The team travelled to the outskirts of Manila. They spent a week in the sweltering heat and humidity because they wanted to help build new social housing in Quezon City’s Bistekville slum.
They did everything from breaking up concrete to prepare the ground for building to laying concrete blocks for walls to mixing and pouring concrete.
One year later one of the blocks of flats they helped build is now fully occupied by families who are starting the new phase of their lives in safe, decent housing.
About Bistekville: rehabilitating slums in Manila
Habitat for Humanity Philippines has been improving urban housing in Quezon City through its Bistekville projects, now in their fourth and fifth phases. These flats are being built for families who have used salvaged materials to create makeshift housing under bridges, along waterways, and on land owned by someone else – meaning they can be forced out at any time.
More than 200,000 families live in these informal settlements in Quezon City – living life every day without the certainty of a secure home.
Who are the families of Bistekville
A hardworking electrician by day, Jesus Maglente has served his community in his fight for land rights. “Jes” fought for 25 years in order to acquire his own land and to ensure that others in his community who had settled informally had the same opportunity.
Building skills, creating jobs
Jesus helped establish a partnership with Habitat for Humanity and the local government so that families could work towards homeownership. Jes also leads the Metro Height Compound Resident Association Inc. with our local team on the ground to provide employment programmes and vocational trainings to the homeowners in partnership with the local government.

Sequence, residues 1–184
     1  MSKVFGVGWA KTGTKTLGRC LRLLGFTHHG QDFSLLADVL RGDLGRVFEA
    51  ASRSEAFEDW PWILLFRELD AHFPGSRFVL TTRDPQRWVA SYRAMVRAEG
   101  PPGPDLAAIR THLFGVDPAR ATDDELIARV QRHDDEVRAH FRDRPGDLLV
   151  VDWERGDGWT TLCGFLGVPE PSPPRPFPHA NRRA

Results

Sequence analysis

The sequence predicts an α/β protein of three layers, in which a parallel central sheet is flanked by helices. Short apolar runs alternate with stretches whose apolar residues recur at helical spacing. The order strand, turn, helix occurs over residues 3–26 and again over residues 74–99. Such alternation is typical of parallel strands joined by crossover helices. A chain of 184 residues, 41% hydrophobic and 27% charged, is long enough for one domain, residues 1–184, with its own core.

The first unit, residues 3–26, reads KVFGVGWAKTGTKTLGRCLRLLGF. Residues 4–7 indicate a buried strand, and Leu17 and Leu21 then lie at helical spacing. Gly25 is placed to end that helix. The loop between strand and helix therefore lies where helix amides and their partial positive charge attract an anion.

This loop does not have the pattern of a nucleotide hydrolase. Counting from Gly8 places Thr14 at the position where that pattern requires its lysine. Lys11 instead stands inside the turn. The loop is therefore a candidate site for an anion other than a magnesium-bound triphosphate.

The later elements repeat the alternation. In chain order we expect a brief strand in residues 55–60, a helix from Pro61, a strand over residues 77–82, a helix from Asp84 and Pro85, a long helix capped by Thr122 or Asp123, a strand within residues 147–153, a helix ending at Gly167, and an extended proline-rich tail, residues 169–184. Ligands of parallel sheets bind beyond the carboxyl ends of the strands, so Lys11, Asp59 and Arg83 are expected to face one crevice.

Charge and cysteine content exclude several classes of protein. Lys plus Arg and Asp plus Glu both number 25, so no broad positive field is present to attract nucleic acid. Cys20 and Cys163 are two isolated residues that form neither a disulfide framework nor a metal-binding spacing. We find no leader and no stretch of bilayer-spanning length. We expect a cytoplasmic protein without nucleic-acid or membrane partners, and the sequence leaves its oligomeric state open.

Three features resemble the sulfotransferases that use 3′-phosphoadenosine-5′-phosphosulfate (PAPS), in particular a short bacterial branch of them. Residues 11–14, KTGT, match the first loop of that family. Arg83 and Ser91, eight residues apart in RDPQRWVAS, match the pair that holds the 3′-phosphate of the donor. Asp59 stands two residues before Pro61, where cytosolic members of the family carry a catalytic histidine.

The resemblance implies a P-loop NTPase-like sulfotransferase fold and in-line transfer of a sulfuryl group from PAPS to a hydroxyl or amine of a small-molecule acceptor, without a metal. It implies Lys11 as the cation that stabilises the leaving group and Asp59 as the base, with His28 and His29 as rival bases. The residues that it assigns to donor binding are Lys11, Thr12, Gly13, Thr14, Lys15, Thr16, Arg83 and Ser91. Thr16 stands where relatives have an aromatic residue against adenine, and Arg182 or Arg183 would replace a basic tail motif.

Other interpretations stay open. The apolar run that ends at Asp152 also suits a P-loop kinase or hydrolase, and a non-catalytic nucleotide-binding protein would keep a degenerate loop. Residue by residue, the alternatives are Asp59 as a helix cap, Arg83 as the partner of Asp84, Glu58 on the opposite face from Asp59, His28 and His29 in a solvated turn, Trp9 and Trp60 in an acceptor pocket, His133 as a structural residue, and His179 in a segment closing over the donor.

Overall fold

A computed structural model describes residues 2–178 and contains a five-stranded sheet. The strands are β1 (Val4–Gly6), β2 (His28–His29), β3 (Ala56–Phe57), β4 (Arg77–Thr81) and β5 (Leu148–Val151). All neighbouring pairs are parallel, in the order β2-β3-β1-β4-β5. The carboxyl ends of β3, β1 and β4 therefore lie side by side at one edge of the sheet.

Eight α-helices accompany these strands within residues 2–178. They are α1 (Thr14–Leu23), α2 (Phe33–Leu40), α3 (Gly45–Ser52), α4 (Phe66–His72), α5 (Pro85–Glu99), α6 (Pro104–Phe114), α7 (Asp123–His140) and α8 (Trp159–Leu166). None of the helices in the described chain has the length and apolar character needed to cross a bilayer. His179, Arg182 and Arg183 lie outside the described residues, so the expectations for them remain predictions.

This helps families save money to put towards their children’s education, learning, and so on.
“We don’t have to worry about flooding”
Lizel Alcaraz waited for what felt like an “extremely long time” to move into her new Habitat home. Her family of five used to live one of the small shanties dotting the entrance into Bistekville. Lizel talked about how the dry season would bring unbearable heat in their little shanty. Followed by the rainy season that would drench their floors and furniture.
She now lives in a flat with her three children (ages ten months, nine years, and twelve years) and mother-in-law.
“Compared to our former house, this one does not leak and we don’t have to worry about flooding. It’s a lot brighter than before and there is a cool breeze. The breeze helps us, especially the children, sleep well at night. We are more at ease and happier than before in this home.”
MARAMING SALAMAT WATG!
This post was produced with the financial support of the European Union. Its contents are the sole responsibility of Habitat for Humanity GB and so don’t reflect views of the European Union.
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